I’d be surprised if you never wondered what the hell the “Magnitsky Act” or the “Magnitsky Sanctions” were as you went through the early years of the Trump/Russia investigation/kerfuffle. I sure did.
But now, a mere 380 pages of Bill Browder’s autobiographical “Red Notice” later, I can let you in on the secret. It’s as simple as an act of the US Congress that put sanctions on about 60 oligarchs implicated in the murder of Sergei Magnitsky.
Browder is an investment banker who made a whole pant-load of money when he figured out that the company shares distributed to the Russian population as part of the privatization program following the fall of the Soviet Union were seriously undervalued. He was able to buy the shares and create a market for them and sell them for their true valuation.
Along the way he was at first a hero to Putin, but later a troublemaker after Putin made a deal with oligarchs stealing the companies that he would get half the cash they got for the companies. It’s complicated and I don’t pretend to have understood it all, but once Putin made him an enemy, Browder was on the run.
Magnitsky was a Russian tax lawyer who made things worse by uncovering a tax scam scam in which the Russian government refunded hundreds of millions of Rubles of tax money to people from whom it hadn’t been collected. The oligarchs had stolen companies from their rightful owners and demanded tax refunds in a complicated scheme tied up with the privatization. But whereas Browder returned to London, Magnitsky stayed in Russia where he was soon arrested, jailed, tortured and ultimately murdered.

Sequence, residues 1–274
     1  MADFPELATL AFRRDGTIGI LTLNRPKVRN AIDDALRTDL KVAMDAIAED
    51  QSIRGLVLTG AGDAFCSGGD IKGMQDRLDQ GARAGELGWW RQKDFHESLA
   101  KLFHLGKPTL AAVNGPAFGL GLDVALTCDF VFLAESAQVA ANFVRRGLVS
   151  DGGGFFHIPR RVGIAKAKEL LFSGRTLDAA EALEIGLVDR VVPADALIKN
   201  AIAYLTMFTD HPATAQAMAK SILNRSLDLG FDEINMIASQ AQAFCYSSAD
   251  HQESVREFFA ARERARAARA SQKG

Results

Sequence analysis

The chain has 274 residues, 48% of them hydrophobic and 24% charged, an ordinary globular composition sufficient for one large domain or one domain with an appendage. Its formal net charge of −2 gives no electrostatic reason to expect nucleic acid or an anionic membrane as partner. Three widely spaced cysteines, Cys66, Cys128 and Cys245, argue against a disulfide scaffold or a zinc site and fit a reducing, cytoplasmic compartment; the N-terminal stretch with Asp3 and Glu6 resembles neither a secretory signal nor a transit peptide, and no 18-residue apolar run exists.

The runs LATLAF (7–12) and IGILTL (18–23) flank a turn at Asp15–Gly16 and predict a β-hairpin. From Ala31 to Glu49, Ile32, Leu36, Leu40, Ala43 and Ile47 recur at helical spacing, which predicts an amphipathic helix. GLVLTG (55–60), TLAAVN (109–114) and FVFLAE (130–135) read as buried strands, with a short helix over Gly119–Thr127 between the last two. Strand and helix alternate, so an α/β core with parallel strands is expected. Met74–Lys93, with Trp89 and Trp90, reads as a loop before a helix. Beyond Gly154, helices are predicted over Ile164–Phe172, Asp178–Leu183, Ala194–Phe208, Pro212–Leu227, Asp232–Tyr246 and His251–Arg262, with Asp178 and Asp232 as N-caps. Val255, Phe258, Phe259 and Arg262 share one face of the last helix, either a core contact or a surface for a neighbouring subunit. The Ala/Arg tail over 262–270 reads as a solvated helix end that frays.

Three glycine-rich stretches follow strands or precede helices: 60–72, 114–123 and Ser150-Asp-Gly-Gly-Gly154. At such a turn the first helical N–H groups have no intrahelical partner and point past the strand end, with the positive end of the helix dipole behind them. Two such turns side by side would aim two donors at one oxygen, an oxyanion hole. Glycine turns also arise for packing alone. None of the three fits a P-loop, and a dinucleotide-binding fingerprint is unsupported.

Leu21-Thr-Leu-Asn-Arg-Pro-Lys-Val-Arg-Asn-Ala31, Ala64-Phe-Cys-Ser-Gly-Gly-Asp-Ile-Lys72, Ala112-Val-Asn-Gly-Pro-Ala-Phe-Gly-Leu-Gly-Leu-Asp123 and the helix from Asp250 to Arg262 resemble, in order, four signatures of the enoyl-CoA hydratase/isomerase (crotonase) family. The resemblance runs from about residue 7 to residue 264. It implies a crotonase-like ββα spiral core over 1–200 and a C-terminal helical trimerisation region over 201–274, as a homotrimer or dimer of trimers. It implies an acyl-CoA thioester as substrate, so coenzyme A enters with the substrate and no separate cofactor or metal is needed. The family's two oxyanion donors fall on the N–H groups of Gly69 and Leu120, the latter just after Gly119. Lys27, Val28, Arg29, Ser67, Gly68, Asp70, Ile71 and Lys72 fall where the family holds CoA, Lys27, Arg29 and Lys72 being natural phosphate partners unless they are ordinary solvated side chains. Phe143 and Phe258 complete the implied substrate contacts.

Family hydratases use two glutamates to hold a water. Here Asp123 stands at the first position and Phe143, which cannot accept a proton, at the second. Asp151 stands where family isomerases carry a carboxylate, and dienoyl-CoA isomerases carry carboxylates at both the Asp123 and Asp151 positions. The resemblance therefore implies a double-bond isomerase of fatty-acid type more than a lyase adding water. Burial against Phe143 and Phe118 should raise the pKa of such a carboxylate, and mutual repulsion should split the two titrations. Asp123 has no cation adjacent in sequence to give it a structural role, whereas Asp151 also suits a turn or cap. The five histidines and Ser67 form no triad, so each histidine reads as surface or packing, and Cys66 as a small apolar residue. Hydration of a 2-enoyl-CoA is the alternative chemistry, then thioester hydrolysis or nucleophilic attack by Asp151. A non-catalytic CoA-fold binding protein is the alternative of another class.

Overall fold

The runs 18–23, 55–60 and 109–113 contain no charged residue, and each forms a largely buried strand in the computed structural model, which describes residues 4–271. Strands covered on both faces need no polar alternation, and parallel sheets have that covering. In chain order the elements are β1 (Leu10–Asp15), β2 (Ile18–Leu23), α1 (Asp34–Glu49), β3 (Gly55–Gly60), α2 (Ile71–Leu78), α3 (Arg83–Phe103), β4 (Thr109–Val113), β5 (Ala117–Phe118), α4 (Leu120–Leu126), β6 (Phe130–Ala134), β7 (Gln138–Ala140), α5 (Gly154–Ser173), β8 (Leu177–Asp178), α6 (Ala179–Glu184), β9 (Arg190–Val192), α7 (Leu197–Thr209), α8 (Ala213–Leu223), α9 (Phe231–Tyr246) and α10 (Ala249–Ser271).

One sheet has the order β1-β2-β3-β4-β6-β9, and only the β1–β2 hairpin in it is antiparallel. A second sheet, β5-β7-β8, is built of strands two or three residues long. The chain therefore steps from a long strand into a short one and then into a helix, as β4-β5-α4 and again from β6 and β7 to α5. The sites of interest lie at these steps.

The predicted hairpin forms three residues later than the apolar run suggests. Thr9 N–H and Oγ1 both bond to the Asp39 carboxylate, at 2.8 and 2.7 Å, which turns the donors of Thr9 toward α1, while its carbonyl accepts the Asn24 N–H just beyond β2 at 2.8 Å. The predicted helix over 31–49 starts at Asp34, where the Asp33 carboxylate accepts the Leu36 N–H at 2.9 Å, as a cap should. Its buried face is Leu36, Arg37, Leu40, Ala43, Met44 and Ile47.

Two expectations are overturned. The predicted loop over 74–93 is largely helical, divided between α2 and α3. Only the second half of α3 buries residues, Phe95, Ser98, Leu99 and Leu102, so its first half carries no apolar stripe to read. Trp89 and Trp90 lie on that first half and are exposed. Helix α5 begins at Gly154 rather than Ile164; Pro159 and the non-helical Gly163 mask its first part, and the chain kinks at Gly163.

The Russian payback for the sanctions imposed by the Magnitsky Act was to prohibit Americans from adopting Russian orphans, a popular practice at the time. That’s why you heard about the infamous Trump Tower meeting being about nothing more than adoptions. Trust me, it wasn’t.
Read the book and find out why.
the writing quality, it was spotty at best. Browder is a financial guy and writes like one but decided to also include his romantic and sex life and talk about people crying at his presentations on the fate of his friend Magnitsky. That would better have been left to a good novelist, not to Browder. It’s also way too detailed and wordy . . . I’d estimate that there are about 30% more words used than were necessary to write the book.
That said, I learned something, and for that I am grateful.